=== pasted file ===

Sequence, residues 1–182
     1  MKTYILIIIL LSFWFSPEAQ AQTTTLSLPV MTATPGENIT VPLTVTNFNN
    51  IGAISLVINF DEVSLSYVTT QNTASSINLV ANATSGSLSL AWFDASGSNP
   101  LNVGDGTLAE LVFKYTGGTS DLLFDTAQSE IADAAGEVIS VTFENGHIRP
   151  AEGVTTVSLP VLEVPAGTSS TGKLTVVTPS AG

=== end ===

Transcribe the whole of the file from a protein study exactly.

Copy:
Sequence, residues 1–182
     1  MKTYILIIIL LSFWFSPEAQ AQTTTLSLPV MTATPGENIT VPLTVTNFNN
    51  IGAISLVINF DEVSLSYVTT QNTASSINLV ANATSGSLSL AWFDASGSNP
   101  LNVGDGTLAE LVFKYTGGTS DLLFDTAQSE IADAAGEVIS VTFENGHIRP
   151  AEGVTTVSLP VLEVPAGTSS TGKLTVVTPS AG